Microsoft wants to replicate project to share datacenter batteries

The Dublin data centre’s UPS
Sheila Zabeu -

February 28, 2023

Microsoft wants to replicate worldwide a project already tested in the company’s datacenter in Ireland for sharing energy generated by batteries. The announcement was made by Christoph Mazur, senior manager of energy programmes at Microsoft, during the Energy Storage Summit in London in February.

Unlike diesel generators with lead-acid batteries as an emergency backup power source, the project announced in July 2022 uses lithium-ion battery banks and grid-interactive UPS technology at Microsoft’s Dublin datacenter. The batteries have been certified, tested and approved for connection to electricity supply networks to help operators when demand exceeds power generated elsewhere by wind, solar and other sources.

Microsoft says the ability to use datacenter batteries to provide complementary electricity supply services reduces the need to maintain reserves in power plants and therefore reduces its carbon footprint. The batteries are part of the uninterruptible power supply (UPS) systems at Microsoft’s Dublin datacenter, using new technology that allows real-time interaction with the power grid.

In 2022, Microsoft highlighted that once interactive UPS technology had been demonstrated as viable for operating with grid services, the next step would be to identify a market. The company had found an opportunity in Ireland, where variable renewables already account for more than 35% of electricity, a figure that is expected to reach 80% by 2030. This level of variable power generation requires grid stabilization services, typically provided by fossil fuel-based power plants. “Microsoft is exploring opportunities to provide grid stabilization services with interactive UPS technology in its datacenters around the world to further accelerate progress towards grid decarbonisation,” said Nur Bernhardt, senior programme manager for energy at Microsoft, July 2022.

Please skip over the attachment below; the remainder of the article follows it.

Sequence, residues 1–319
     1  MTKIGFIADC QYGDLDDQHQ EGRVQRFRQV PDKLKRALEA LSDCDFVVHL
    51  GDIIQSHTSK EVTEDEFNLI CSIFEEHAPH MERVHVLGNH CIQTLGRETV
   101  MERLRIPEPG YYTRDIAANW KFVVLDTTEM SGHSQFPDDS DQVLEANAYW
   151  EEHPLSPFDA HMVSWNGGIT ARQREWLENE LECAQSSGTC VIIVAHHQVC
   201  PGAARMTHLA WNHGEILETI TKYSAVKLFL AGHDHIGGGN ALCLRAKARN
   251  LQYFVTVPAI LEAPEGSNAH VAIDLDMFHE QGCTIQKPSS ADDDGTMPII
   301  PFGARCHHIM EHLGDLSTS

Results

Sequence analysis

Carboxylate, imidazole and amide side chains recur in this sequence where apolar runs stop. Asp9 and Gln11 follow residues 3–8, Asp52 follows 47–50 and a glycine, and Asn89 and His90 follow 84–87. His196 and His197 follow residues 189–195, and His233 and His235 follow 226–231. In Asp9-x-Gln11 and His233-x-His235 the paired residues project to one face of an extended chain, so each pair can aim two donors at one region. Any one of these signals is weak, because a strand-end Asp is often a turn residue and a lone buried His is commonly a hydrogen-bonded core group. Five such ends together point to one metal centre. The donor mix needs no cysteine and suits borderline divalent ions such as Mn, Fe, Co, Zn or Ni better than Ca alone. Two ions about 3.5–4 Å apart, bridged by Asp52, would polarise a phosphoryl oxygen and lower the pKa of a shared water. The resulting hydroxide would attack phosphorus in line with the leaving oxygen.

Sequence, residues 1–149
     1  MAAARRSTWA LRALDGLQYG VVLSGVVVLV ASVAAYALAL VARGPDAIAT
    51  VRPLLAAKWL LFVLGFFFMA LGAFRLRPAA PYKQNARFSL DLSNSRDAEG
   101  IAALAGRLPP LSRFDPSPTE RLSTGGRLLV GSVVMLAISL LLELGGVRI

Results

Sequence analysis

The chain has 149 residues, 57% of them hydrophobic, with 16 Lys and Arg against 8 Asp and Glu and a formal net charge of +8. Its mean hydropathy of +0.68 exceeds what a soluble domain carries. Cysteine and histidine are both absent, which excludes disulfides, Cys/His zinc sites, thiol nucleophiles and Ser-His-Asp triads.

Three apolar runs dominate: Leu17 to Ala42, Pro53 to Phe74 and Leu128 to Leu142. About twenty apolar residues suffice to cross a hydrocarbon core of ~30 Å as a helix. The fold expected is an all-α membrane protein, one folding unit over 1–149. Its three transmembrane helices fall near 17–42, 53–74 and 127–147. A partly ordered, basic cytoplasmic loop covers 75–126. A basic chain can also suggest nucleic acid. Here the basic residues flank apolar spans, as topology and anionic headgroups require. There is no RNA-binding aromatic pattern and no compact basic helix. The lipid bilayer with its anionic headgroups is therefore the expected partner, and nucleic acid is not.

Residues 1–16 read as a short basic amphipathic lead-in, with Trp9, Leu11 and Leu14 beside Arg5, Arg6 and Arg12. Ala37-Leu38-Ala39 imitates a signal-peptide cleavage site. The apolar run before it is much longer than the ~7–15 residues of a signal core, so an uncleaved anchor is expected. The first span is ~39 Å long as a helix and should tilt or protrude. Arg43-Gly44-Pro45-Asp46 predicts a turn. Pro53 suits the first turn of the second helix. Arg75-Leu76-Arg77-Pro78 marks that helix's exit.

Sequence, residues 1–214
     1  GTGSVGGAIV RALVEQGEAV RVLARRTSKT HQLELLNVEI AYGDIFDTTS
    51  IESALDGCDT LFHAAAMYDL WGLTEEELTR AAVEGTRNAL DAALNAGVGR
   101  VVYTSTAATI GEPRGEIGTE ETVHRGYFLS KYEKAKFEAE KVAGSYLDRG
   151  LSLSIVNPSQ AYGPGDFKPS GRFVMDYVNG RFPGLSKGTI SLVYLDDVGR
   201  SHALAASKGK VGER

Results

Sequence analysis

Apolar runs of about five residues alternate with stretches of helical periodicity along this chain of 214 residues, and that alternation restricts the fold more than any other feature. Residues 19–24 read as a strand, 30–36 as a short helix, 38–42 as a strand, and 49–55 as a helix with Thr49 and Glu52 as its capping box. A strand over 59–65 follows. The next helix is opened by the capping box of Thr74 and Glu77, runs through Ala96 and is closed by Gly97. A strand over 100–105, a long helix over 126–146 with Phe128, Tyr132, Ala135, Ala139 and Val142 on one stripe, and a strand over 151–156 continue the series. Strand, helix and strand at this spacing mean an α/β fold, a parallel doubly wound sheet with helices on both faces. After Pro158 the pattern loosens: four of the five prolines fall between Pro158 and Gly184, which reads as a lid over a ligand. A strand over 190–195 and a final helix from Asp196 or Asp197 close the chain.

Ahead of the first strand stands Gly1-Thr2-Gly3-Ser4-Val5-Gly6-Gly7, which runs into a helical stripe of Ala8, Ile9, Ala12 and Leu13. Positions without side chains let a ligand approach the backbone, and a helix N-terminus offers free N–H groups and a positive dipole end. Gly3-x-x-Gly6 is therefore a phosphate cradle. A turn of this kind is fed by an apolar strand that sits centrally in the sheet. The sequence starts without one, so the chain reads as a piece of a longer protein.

Interactive UPS technology is part of Microsoft’s commitment to be carbon negative by 2030, which also includes datacenter trials with liquid immersion cooling for servers, hydrogen fuel cells for backup power generation, as well as operational changes to increase efficiency and improve design, such as high-density cold plate solutions.

Tested and approved in Microsoft’s datacenter in Dublin, the solution is already able to be applied in any location, says Mazur. The executive told the Energy Storage News website that, during talks with utilities around the world, he presents the project as a case study of what is possible to do with data centres in grid balancing markets, which ensures the balance between generation and consumption.

UPS interactive technology

In June, Microsoft announced it was working with power systems management specialist Eaton on interactive UPS technology for energy storage solutions used as an alternative source in datacenters to also make power available to uninterruptible power supply networks.

Ireland was chosen to test the project as it has over 400 wind farms that generate over 35% of the country’s electricity. It was the ideal place to evaluate a solution for storing the energy generated by variable sources, such as wind power, and then supplying it to the networks for uninterrupted supply when demand exceeds supply.

Microsoft and Eaton say they have put in place a UPS concept ready to work with smart grids to be applied as a distributed energy resource. The aim is to help reduce the typical supply variability between renewable energy sources. Financially speaking, interactive UPS technology will also offer datacenter operators a way to monetize currently underutilized assets such as power backup systems.

In short, data centres will be able to use their energy storage resources (UPS) for their infrastructure during emergencies or periods of peak demand, but also power the grids with energy generated by them, thus reducing levels of variability in renewable energy systems.